The CBC series has been saluted for its originality and has attracted significant interest for its unabashedly comedic look at relations between Muslims and non-Muslims in a country with a reputation for tolerance.
The television show parodies the acclaimed US drama "Little House on the Prairie" (1974-83), which starred Michael Landon and Melissa Gilbert, about the life and adventures of the Ingalls family in the nineteenth-century American West.
But instead of raising pitchforks, tumbling down hills, and selling eggs at the general store, this Muslim family struggles to mesh in fictional Mercy, Saskatchewan, in a post-September 11, 2001 world.
The show mocks Muslim townsfolks' efforts to establish a mosque in a mostly Protestant whistle stop, and pokes fun at their relations with suspicious neighbors.
"It's a sitcom and not a political satire," said Zarqa Nawaz, the show's creator. But the Liverpool-born filmmaker, practicing Muslim, and mother-of-four also hopes that the show will help dispel stereotypes and prejudices about her religion that festered after the September 11, 2001 Al Qaeda attacks on the United States.
"Since 9/11, what we see on the news nearly every day portrays Muslims in terms of conflict. It tends to create a one-dimensional perception of a very diverse community," she said.
The series tackles these issues head-on.
In one scene, a young Muslim man is arrested at an airport check-in after he is overheard arguing with his mother about abandoning his law career to become an imam. "If dad thinks it's suicide, so be it. This is Allah's plan for me," he said.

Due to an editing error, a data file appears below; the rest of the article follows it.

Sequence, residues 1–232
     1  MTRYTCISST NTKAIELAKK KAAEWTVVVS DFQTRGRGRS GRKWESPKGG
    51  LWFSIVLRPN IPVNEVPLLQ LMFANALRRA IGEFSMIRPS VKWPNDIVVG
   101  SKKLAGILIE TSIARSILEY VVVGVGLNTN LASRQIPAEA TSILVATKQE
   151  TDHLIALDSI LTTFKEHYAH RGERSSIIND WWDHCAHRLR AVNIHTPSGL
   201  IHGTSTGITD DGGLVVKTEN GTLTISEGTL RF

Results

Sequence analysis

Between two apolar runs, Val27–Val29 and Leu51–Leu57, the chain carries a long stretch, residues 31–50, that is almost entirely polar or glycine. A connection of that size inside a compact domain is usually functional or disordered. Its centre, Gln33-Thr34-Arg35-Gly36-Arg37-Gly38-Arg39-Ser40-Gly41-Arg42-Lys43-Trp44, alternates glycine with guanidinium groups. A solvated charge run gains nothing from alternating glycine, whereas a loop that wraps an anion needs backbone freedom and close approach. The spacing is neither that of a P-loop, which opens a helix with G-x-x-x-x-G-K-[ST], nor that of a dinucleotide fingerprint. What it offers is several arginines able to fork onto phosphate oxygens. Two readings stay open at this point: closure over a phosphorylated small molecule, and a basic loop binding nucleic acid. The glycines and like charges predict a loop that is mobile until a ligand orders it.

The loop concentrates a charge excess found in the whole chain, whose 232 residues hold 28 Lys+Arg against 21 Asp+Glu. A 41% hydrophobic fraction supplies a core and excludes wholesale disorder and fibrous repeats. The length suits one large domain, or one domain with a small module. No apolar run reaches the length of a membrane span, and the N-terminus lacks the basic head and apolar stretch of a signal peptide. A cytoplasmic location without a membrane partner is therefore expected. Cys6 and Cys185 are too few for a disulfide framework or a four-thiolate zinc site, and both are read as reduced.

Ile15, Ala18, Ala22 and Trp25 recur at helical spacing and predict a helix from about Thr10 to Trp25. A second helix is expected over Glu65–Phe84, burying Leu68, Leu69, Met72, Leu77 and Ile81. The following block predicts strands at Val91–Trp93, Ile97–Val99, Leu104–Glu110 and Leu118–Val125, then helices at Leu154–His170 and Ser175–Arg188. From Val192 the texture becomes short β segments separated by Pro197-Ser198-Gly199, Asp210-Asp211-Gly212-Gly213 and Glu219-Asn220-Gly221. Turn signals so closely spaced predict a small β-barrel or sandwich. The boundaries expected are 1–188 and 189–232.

In another, a Muslim father laments that his scantily-clad daughter "looks like a Protestant." When she tries to correct him by suggesting that he meant prostitute, he repeats: "No, I meant Protestant."
"Laughter is a sort of universal language ... I'm using comedy to help us see each other in a different light and poke fun at the stereotypes both communities [Muslims and non-Muslims] have about each other," Nawaz said in an interview Tuesday on CBC.
Nawaz's previous short films included BBQ Muslims about two brothers who are suspected of being terrorists after their barbecue explodes, and Real Terrorists Don't Belly Dance.
"Little Mosque on the Prairie" is based on her own experiences as a Muslim growing up in Toronto and now living in Regina, the capital of Saskatchewan province, she said.
The Globe and Mail newspaper praised the show's pilot episode as the best that the CBC has produced in years.
The paper called it "a grand-slam assertion that Canadian television is different and that the best of Canadian television amounts to a rejection of the hegemony of US network television."
CBC spokesman Jeff Keay said in October that the broadcaster hoped to lighten religious tensions with the sitcom after the Roman Catholic pope Benedict XVI's remarks that seemed to bash Islam, after an alleged Toronto terror plot was foiled in June, and after several attacks on Canadian mosques in 2005-2006.
"The producers recognize that this is a potentially sensitive topic," Keay said. "But the show is a comedy. We hope people will laugh."
Source:AFPGüncelleme Tarihi: 20 Eylül 2018, 18:16